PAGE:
The frequency was strangely quiet, so just to make sure someone was there, I opened up the conversation with the controller with my N-number, a pleasant “good morning,” and a question as to whether he could handle a pop-up. Probably bored stiff down there with the lack of traffic, he immediately agreed, identified where I was and gave me an IFR transponder code. All of which I acknowledged in what I hoped was my usual confident manner. The approach required a holding pattern, which I purposely wanted to do anyway because IFR currency requires it. I realized it would be a parallel entry, but I was happy to see the Garmin box also suggest the same. My confidence was gradually increasing.
For this airplane to shoot the approach on autopilot you must switch the autopilot from NAV to APCH, something I often find instrument students fail to do. Keeping in mind that I would not want to make such a mistake, I make sure to hit the APCH button, then look up to see if that indication showed up on the annunciator panel, which it did. From that point the approach was easy until I started getting close to the glide slope intercept altitude, only to notice there were no yellow glide slope needles showing up on the visual display. I tapped on the instrument a couple of times thinking it may have gotten stuck from lack of use, but that didn’t fix it.
In the meantime, the annunciator panel GS (glide slope) light came on, and the autopilot starting trimming nose down to reach a 400 feet per minute or so descent, which with the gear still up caused quite an acceleration. Yikes, regardless of the lack of glide slope needles being AWOL, the airplane itself seemed to know what it was doing, and I was getting behind it. Dropping the gear and reducing the power slightly caught me up with the airplane, at which time I reached for the landing checklist to make sure I had not missed anything.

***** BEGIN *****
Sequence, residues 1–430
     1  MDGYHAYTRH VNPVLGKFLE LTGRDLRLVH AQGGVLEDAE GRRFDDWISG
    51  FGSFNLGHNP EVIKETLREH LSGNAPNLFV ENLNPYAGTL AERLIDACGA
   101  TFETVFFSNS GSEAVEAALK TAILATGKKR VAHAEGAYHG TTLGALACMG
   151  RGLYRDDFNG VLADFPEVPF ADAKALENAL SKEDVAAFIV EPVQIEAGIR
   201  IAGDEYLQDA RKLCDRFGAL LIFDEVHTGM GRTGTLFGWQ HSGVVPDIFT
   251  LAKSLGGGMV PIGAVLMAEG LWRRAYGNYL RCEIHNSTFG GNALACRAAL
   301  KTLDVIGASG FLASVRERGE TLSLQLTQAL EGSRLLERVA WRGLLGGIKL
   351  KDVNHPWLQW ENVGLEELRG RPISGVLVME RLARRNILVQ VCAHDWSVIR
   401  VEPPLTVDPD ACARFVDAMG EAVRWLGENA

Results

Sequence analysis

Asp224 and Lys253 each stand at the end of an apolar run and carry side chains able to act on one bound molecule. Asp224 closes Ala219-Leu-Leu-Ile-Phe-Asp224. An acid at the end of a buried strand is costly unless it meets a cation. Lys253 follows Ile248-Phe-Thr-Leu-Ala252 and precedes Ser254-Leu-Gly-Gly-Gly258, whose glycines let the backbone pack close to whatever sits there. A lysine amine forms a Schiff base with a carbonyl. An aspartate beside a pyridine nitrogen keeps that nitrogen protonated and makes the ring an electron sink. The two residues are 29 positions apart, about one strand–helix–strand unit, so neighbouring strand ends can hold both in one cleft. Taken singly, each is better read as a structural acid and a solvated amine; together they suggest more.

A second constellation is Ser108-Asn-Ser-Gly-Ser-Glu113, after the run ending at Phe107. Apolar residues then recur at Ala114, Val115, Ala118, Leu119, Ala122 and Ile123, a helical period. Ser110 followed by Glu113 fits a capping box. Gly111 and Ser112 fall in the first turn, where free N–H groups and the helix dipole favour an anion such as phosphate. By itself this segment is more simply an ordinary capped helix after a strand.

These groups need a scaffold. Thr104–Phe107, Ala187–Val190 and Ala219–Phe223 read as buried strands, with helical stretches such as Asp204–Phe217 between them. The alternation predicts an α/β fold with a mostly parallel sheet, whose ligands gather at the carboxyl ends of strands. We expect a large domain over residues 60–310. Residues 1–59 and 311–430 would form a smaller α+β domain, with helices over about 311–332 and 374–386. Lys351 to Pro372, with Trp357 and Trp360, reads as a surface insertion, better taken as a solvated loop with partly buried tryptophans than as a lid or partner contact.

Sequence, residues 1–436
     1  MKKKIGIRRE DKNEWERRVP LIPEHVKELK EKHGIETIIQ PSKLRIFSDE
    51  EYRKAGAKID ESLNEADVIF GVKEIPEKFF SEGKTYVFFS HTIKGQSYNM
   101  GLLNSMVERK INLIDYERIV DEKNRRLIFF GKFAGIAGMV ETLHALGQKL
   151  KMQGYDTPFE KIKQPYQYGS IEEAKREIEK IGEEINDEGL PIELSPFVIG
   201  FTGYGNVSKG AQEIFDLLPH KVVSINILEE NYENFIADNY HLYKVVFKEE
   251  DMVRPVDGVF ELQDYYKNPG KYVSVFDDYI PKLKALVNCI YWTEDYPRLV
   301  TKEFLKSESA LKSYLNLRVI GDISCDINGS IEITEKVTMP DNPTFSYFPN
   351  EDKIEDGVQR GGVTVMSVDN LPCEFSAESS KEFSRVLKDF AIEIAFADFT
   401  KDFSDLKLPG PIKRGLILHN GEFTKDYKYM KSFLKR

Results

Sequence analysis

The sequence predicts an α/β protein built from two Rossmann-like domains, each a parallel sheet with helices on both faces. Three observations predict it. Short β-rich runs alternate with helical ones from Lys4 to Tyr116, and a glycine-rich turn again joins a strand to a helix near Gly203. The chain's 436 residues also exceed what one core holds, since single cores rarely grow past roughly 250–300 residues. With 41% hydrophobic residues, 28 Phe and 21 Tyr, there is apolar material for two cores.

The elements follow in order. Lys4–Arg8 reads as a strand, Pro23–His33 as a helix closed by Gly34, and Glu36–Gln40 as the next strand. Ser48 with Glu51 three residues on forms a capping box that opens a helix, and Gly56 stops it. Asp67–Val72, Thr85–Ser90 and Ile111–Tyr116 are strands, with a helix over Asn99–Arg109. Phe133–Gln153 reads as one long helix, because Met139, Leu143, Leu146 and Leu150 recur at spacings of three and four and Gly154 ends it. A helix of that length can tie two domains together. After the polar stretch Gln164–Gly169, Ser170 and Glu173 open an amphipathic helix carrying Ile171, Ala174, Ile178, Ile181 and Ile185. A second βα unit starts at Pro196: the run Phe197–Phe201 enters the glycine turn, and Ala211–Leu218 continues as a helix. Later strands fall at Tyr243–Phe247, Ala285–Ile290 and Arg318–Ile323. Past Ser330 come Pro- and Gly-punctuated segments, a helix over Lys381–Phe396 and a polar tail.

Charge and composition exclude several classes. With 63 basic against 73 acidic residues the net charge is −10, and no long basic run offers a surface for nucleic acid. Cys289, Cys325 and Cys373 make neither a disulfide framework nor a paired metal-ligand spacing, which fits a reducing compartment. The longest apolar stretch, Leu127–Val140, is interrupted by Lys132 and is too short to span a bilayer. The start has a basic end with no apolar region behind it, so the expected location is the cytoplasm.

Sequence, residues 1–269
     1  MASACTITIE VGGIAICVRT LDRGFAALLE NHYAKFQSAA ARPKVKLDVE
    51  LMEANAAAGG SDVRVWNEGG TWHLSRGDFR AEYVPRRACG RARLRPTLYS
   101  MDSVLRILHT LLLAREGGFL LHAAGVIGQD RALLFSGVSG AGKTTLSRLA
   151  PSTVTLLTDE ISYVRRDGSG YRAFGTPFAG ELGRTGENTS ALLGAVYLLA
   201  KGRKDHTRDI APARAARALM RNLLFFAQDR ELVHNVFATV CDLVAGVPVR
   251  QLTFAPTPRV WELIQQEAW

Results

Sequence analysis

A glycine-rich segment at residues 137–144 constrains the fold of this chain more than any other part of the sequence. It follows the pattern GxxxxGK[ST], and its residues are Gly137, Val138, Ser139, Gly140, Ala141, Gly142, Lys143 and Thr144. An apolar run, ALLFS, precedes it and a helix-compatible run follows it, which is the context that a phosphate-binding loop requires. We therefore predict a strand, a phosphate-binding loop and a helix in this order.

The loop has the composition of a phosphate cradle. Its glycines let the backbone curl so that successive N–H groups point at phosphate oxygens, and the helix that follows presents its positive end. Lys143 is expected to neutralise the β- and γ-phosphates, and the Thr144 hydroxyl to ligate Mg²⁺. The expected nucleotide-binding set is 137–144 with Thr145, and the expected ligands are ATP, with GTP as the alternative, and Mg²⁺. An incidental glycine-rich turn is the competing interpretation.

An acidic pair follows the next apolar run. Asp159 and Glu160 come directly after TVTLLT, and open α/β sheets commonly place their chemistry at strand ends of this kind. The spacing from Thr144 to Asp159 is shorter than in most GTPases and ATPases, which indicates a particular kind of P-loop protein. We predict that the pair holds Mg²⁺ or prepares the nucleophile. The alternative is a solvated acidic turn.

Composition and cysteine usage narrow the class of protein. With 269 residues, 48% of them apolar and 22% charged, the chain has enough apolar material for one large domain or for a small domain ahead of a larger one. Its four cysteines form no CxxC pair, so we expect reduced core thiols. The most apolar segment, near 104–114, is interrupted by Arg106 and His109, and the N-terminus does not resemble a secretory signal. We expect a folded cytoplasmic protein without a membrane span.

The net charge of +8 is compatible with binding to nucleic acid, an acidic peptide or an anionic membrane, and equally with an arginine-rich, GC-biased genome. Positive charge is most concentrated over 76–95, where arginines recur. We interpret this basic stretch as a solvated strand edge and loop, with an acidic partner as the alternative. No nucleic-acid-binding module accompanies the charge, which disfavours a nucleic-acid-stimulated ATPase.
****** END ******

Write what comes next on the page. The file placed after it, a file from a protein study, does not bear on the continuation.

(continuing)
Sure enough, somehow during the glide slope needle problem, I had forgotten to turn on the pulse light switch that flashes the landing lights on and off in a very noticeable back and forth fashion. I got that oversight fixed then it also occurred to me that if I was going to do this completely right, I needed the radar altimeter alarm set for the missed approach point altitude. Luckily, I remembered what to do and the audio alarm went off just exactly at the right altitude. Off went the autopilot, the throttles stayed in the same position, my eyes glanced down again to the three green landing lights, and I again checked to make sure the flaps were all the way down. The landing was almost perfect, and I rolled out exactly on the white line until reaching the yellow one leading to the taxiway.
Now feeling pretty good about myself, I decided to repeat the entire endeavor and mix it up with a simulated engine failure while on the approach. The takeoff went fine, and I found I had the engines up to full power much earlier than on my first try. The controller greeted me like a long-lost friend and I was soon back on the approach with the faulty GS needles and all. With the autopilot seemingly knowing where the glide slope was, I gradually pulled the right engine back to 12 inches of MP and added 3 to 4 inches on the left. Occasionally, when doing this in my airplane, the autopilot will not handle the change in rotation about the vertical axis and kick itself off. I am carefully watching for this and wondering what I will use for glideslope monitoring if that happens. But for whatever reason, the autopilot decides to be kind to me and hangs in there. I arrive over the threshold with the airplane slightly turned toward the good engine, but manage to get that straightened out just before touchdown right on the white line, a landing which I must admit was safe enough, but not my best one of the day.
Taxing back in, I see my wife already has the hangar door open, the lights on and the orange motorized pushcart outside where I will need it. She knows me well and wonders why I have such a wide grin on my face as I get out of the airplane. I explain I am feeling quite happy with myself because I had not been flying much and was worried about a loss of competence. And, for a guy who has 11,000 hours and flying since age 18, that in turn had started to produce a very discomforting loss in my sense of confidence. But, all was better now.
If during this COVID mess you are getting worried that you are losing any competence (and confidence), my advice is just go fly your airplane.